Saturday, October 13, 2018


Okay, so I’ve been halfway there, done half of that. For my entire adult life, I’ve heard about Fire Island and Provincetown as being East Coast gay meccas. Last week I checked out Provincetown.

I realize the “optimal” time to visit is during the summer, but I figured it would be too crowded, too overwhelmingly gay for me. Too many people wanting to be on display and wanting to check out the other displays. Call it a hunch. So early October seemed reasonable. Foliage season. I was already going to Boston. Why not add P-town to the itinerary?

And my first impression was negative. Not too gay, but too touristy. My Cape Cod bed-and-breakfast was on the main street, Commercial, and I had to drive about ten miles per hour, braking constantly as pedestrians took to the middle of the road without a care in the world. Yes, there was signage telling drivers to yield to pedestrians, but at some point that notion can be abused. And that point had been passed! I was cranky by the time I reached my destination. Relieved I’d only arranged to stay one night, I fretted over how I’d spend even that limited period of time.

After checking in, I dutifully meandered, keeping to the sidewalk or the parking lane, modeling how cars and pedestrians can coexist. Really, it wasn’t so hard to do.

None of the shops enticed me but that was fine. I didn’t need a tchotchke to cram into my suitcase. Not even a nifty rainbow t-shirt from the Human Rights Campaign store. I drifted off the main drag and ended up on the beach, gazing at sailboats, puffins and the sea.

Okay, this place has something.

Based on a friend’s recommendation, I later drove to Herring Cove Beach to catch the sunset…and a seal that seemed to like an audience. (Maybe even the seals here are gay.) By nightfall, I was relaxed. But more than anything I looked forward to seeing Provincetown during an early morning jog, when shops would be closed and tourists would still be sleeping off a drink or two too many.

I caught the sunrise from the beach and then from a pier. I ran along Commercial Street, sharing it only with a few delivery trucks and the occasional dog walker. Everything seemed more charming without all that human clutter and clatter. The appeal of P-town started to make sense. Having it all to myself was glorious.

The rain waited until I’d finished my run. I headed up the 252-foot Pilgrim Monument—another recommendation from my friend—to get panoramic views of the area. Remarkably, I had the entire tower to myself as everyone else apparently presumed soggy views weren’t worth the climb. Sure, the raindrops on the windows at the top and the shower from the overhead made me keep my phone camera in my pocket but that served as a reminder that experiences are still worthy even though they are not documented on Instagram. Being the sole visitor was a wonderful contrast to when I fought for elbow room atop the Empire State Building last summer as people posed for selfies. This moment was perfect.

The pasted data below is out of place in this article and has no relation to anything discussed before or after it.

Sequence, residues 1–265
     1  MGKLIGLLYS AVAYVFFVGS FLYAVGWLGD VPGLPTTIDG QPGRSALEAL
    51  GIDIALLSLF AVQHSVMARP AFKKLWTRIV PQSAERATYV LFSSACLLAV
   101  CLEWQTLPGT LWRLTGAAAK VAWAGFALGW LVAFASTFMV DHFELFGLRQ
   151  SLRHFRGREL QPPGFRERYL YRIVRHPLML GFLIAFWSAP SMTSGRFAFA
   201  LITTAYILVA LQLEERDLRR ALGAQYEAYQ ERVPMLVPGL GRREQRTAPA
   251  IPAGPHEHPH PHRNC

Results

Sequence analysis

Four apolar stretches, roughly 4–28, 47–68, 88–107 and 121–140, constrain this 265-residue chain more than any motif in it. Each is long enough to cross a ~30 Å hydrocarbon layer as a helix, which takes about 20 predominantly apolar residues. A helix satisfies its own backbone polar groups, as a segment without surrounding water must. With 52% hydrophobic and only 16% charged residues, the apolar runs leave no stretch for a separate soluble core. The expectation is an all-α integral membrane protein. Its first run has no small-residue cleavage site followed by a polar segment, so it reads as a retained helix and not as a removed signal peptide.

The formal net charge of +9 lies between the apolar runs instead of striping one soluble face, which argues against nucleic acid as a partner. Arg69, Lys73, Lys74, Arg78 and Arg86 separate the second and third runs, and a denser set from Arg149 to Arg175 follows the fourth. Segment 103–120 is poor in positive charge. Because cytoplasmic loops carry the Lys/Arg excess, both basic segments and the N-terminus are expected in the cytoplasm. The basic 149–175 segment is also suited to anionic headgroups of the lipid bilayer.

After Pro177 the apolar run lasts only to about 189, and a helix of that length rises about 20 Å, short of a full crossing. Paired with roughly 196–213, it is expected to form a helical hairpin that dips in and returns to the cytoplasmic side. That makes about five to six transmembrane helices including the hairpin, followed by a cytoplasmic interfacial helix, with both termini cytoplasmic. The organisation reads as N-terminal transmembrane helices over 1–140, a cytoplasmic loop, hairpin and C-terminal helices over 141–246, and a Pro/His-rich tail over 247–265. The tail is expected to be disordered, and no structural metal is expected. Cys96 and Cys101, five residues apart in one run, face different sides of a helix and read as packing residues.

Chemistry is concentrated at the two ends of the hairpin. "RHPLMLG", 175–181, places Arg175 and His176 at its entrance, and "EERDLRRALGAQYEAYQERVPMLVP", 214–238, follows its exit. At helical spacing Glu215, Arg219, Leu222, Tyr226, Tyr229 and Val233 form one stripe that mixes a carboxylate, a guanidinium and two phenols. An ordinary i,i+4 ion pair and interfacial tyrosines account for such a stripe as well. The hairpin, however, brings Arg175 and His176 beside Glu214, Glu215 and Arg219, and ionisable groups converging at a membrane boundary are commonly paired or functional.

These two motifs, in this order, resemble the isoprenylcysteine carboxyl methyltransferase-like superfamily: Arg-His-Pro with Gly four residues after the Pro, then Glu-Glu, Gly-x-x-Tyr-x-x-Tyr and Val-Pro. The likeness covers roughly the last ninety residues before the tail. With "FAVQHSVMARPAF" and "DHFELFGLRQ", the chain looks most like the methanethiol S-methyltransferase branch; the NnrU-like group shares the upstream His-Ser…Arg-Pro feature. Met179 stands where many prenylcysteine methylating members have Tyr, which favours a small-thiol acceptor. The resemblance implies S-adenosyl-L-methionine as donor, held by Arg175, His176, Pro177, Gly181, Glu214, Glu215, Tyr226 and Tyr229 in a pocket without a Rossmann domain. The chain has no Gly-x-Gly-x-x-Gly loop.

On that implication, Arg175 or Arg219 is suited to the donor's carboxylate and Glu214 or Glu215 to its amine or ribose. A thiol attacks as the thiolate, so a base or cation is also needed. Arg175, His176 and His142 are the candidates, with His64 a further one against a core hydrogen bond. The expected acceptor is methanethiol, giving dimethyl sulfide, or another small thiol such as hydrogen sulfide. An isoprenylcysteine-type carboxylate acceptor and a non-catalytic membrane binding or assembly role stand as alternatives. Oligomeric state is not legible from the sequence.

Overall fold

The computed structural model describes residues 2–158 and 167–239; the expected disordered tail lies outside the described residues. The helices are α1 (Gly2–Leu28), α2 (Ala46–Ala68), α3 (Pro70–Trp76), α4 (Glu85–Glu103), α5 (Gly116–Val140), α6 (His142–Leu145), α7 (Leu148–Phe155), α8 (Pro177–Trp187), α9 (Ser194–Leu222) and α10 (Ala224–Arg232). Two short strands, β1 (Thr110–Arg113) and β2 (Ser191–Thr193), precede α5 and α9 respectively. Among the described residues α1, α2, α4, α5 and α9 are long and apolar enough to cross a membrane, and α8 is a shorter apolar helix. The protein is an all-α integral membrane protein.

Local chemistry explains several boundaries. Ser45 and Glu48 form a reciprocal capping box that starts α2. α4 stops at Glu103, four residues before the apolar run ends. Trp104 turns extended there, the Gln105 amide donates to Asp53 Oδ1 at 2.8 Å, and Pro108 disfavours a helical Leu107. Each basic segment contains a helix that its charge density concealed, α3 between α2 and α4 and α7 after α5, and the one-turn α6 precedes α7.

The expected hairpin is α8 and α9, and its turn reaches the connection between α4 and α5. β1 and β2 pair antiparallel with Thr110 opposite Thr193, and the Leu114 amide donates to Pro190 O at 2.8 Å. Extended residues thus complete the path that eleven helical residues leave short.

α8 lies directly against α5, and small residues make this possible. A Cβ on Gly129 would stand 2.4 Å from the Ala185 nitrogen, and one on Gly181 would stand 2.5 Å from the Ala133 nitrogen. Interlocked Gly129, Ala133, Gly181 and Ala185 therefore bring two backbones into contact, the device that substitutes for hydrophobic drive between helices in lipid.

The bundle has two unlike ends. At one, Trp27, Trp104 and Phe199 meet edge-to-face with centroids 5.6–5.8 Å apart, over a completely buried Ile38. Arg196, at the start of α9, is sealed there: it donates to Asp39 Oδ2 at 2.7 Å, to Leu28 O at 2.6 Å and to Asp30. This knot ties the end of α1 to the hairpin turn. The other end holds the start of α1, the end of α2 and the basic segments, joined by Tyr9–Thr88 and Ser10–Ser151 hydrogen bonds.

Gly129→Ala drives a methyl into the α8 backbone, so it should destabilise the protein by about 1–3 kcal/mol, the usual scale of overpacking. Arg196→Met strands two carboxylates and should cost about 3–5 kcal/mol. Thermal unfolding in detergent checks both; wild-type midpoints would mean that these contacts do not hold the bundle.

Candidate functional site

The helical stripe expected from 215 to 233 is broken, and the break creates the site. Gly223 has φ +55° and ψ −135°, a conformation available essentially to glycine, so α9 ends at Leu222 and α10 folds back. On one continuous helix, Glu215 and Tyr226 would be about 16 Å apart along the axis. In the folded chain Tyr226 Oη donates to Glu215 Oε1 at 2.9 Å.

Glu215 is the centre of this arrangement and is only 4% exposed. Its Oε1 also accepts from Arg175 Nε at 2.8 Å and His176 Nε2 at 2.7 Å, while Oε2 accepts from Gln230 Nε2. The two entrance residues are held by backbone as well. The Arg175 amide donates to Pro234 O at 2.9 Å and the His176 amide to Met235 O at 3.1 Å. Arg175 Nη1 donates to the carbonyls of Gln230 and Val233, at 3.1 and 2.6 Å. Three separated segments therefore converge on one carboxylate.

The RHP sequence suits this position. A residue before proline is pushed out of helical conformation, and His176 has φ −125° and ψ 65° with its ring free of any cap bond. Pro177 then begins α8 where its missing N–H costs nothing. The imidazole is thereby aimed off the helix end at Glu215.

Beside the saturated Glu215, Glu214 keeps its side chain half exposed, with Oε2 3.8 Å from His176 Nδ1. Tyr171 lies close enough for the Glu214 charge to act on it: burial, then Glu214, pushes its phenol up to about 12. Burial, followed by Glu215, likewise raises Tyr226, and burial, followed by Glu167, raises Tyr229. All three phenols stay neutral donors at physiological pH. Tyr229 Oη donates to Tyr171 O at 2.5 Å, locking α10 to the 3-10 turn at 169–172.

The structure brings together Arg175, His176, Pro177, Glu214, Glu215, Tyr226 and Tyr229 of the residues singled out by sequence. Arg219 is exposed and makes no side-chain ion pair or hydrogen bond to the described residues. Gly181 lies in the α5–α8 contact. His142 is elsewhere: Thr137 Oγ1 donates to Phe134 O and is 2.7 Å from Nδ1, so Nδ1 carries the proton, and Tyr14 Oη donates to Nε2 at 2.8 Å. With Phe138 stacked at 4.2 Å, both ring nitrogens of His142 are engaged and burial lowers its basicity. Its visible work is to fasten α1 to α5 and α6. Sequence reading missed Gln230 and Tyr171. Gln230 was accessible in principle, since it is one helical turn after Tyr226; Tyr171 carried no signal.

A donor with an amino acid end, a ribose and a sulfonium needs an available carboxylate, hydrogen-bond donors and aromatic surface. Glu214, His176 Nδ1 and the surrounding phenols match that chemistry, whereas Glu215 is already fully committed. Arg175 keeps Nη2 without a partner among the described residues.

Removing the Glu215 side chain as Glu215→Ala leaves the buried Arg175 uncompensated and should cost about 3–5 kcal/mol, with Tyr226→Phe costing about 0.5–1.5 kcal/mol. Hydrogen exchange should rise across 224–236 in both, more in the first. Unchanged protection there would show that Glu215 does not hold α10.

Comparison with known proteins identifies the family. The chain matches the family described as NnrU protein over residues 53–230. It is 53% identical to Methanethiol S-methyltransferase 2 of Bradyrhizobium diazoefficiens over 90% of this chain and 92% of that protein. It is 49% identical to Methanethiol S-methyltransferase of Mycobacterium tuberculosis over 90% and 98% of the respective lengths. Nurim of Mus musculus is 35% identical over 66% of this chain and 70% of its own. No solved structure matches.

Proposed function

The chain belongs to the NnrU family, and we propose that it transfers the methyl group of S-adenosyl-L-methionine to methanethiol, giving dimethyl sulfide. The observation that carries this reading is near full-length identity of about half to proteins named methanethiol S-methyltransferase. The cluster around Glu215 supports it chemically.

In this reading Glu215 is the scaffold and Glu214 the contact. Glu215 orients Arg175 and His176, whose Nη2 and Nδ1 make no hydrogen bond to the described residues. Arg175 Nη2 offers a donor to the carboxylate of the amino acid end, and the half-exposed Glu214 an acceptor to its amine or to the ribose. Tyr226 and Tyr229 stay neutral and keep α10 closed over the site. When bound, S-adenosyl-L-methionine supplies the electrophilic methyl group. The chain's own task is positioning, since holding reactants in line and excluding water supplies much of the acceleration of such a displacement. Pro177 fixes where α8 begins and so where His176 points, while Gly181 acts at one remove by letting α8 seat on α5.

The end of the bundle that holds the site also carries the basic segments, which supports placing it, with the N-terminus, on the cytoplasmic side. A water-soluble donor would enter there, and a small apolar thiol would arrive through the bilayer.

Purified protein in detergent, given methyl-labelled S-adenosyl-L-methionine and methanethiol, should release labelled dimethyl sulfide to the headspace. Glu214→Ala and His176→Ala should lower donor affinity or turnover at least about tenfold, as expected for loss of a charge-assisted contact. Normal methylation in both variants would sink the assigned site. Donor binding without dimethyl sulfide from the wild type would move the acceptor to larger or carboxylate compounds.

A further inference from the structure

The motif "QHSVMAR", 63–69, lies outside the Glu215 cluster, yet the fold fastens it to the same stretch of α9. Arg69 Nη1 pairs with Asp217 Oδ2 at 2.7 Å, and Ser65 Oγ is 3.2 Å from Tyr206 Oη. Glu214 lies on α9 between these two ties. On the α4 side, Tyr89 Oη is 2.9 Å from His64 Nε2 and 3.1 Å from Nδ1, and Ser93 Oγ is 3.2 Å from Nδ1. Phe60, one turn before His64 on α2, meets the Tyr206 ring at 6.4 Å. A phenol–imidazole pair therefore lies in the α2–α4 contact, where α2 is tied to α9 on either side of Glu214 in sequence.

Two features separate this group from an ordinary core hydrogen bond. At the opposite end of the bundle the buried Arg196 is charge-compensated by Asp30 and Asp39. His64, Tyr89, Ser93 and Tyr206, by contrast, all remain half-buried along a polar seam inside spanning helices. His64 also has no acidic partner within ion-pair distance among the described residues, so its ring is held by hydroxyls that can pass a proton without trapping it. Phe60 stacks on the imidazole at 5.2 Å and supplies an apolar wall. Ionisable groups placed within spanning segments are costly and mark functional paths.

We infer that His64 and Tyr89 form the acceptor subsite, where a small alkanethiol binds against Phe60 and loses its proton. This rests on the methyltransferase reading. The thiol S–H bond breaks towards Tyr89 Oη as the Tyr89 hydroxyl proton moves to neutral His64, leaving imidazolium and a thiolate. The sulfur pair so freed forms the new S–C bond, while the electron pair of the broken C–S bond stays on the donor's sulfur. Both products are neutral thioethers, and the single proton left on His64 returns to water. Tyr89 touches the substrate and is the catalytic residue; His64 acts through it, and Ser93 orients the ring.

Most gay men would say I didn’t do it right. I missed out on the quintessential Provincetown experience. I wasn’t seen and I didn’t take in the gay scene. No gay bar, no gay-frequented restaurant, not even a conversation or an exchange of looks. I’m okay with that. I got what I wanted—a tamed visual of this gay haven and a solitary exploration.

If I ever return to Provincetown, maybe it will be in February, during the week, when shops are closed down for owners’ extended vacations, when vacancy signs are common and when there is absolutely no excuse for pedestrians walking in the middle of the street. The rainbow flags and the store windows will still remind me that I’m in a gay haven, even if the gays are all in Puerto Vallarta. That’s another mecca I suppose I should visit, whenever the off-season happens to be.

Sunday, August 26, 2018


These are supposed to be the good times. And, relatively speaking, they are. Being Bipolar II, I experience chronic periods of depression and fleeting episodes of an elevated state...not all-out manic, but an energy and mood greater than most feel. So, yeah, I’m in that sub-mania phase, something that’s been going on for about two weeks.

Got to the café where I write on Sundays at 7:00 on the dot. Had to wait for a barista to unlock the door. Tried not to look impatient or too eager while waiting all of fifteen seconds. I really don’t like being the first one. “Sorry,” I said. “I’ve been up for hours.”